She has over 20 years of experience in loan servicing, having previously managed operational teams at Mars Capital and CHL Mortgages, where she dealt with loan books across the residential, buy-to-let and commercial sectors.
Negroiu will report to group treasurer Daron Kularatnam as part of the team responsible for securing and managing third-party funding lines.
She previously held roles within the RBS capital markets team and with NewDay’s treasury department.
Guy Harrington, founder and chief executive of Glenhawk, said: “Joan and Andreea will be excellent additions to our existing strong team.
“As we continue to grow the business, we require people with new skills and expertise, and Joan in particular brings a wealth of experience which will be invaluable.”
Glenhawk has also reported it generated £191m in new loan enquiries since the government-imposed lockdown was announced on the 23 March.
During the same period, the challenger bank said it has experienced no defaults and redeemed £12m of loans.
In March, Glenhawk announced it agreed a senior funding line with JP Morgan, the first time JP Morgan has invested in a private securitisation backed by UK bridging loans.
This helped increase Glenhawk’s maximum loan size offering from £3m to £5m and will support its entry into the homeowner mortgage market.
Large portfolio and commercial landlords should get payment holidays – Sharma
Speaking in the House of Commons yesterday, Sharma (pictured) said: “I would expect lenders to apply similar forbearance [as residential tenants and landlords] where needed in the case of existing commercial loans.”
Sharma’s statement was in response to Kevin Hollinrake MP, who said allowing commercial tenants to take breaks on their payments shifted the financial burden to commercial landlords, who in many cases were only given a capital repayment holiday.
Hollinrake, co-chair of the All Party Parliamentary Group for fairer business, has previously called on the Financial Conduct Authority and UK lenders to introduce six-month payment holidays on commercial loans for business customers affected by the Covid-19 crisis.
This announcement means small and medium enterprises and landlords with larger portfolios affected by Covid-19 should be able to benefit from some of the financial relief the government has made available for those impacted by the pandemic.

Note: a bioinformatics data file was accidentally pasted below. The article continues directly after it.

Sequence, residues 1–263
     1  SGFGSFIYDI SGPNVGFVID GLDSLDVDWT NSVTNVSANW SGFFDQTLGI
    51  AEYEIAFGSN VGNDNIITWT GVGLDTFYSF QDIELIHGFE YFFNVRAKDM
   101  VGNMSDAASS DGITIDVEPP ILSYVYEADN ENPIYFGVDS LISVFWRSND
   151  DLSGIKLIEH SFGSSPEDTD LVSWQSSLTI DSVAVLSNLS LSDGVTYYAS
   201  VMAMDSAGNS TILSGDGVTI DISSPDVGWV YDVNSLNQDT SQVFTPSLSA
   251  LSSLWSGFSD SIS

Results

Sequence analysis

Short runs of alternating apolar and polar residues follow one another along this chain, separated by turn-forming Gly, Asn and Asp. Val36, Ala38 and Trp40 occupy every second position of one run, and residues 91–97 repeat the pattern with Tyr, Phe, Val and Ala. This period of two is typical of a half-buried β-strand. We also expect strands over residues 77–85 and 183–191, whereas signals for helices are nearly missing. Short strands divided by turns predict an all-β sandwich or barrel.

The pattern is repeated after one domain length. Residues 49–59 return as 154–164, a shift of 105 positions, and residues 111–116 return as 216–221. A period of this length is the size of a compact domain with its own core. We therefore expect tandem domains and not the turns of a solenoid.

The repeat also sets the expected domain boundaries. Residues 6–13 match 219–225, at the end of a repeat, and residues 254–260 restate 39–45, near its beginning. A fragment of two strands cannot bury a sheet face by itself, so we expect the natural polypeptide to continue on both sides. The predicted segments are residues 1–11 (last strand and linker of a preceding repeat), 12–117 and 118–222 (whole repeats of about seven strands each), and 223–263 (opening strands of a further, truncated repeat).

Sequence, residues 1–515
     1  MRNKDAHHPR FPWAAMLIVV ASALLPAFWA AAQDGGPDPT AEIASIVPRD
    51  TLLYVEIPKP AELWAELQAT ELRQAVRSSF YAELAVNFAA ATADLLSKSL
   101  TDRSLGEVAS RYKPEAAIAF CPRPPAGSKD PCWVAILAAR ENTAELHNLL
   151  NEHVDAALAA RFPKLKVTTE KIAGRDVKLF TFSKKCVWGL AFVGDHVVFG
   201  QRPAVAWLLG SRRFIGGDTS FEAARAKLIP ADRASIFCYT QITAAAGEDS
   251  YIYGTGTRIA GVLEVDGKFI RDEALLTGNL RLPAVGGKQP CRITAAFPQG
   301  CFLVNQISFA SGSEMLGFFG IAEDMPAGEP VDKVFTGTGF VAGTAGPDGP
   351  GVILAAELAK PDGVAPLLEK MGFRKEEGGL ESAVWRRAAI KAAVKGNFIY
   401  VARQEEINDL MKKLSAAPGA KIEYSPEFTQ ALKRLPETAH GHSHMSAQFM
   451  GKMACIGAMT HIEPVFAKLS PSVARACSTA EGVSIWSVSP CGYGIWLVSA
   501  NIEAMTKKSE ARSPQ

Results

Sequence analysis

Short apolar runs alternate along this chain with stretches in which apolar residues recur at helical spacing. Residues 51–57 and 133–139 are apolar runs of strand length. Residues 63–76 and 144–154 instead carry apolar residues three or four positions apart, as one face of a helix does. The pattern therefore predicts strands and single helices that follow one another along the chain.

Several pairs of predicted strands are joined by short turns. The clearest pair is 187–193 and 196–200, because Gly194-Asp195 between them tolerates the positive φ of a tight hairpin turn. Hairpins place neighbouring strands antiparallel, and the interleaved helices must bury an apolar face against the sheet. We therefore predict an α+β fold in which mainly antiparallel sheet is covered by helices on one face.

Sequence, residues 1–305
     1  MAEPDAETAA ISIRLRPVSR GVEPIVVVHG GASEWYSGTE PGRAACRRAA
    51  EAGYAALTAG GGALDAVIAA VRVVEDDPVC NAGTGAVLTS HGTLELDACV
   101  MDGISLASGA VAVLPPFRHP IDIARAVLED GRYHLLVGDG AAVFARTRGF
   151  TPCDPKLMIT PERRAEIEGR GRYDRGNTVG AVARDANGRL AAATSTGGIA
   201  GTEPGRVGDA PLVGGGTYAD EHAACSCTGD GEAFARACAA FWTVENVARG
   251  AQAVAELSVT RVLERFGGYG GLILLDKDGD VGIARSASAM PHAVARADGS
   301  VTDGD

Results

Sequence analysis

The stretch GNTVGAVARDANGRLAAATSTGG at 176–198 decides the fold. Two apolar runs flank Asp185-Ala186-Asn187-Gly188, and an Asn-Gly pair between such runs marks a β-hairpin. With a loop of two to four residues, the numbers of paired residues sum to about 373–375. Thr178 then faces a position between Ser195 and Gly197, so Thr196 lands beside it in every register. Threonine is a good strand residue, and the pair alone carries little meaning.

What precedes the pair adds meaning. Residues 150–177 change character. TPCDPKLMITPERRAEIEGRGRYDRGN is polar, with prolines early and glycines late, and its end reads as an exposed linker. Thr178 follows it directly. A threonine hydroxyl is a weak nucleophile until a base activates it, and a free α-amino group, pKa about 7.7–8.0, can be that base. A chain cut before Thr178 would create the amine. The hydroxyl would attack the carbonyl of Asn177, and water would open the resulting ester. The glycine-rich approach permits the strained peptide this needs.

Three-month payment breaks on mortgages and loans were initially introduced in March for residential borrowers, before being extended to Help to Buy and buy-to-let customers later that month.
In May, it was announced that the payment holiday scheme would be continued for a further three months to help those affected by the coronavirus pandemic.
UTB funds £7.2m redevelopment project
It is the first time UTB has funded a Hawkfield Homes development.
Hawkfield Homes has been developing and building new homes in and around Bristol and the South West for 12 years. The firm focuses on properties which support flexible lifestyles and working from home and the homes are typically designed to include an office or study.
The redevelopment will see Hawkfield Homes demolish the existing buildings at Dryleaze Court and construct ten four bedroom semi-detached and 12 two bedroom semi-detached and terraced homes.
The homes should be eligible for the Help to Buy scheme with the first units available to purchase from summer 2021.
Jonathan Nail, director – property development at United Trust Bank, said: “United Trust Bank is keen to support growing regional house builders and I’m delighted to be working with James and Hawkfield Homes as they bring much needed quality new homes to the Bristol area.”
James Kilmartin, director of Hawkfield Homes, added: “Although the Covid-19 pandemic took us all by surprise, Jonathan and the UTB team have been accessible and supportive throughout.
“It’s been an unusual start to a new relationship but between us we’ve been able to overcome the challenges.”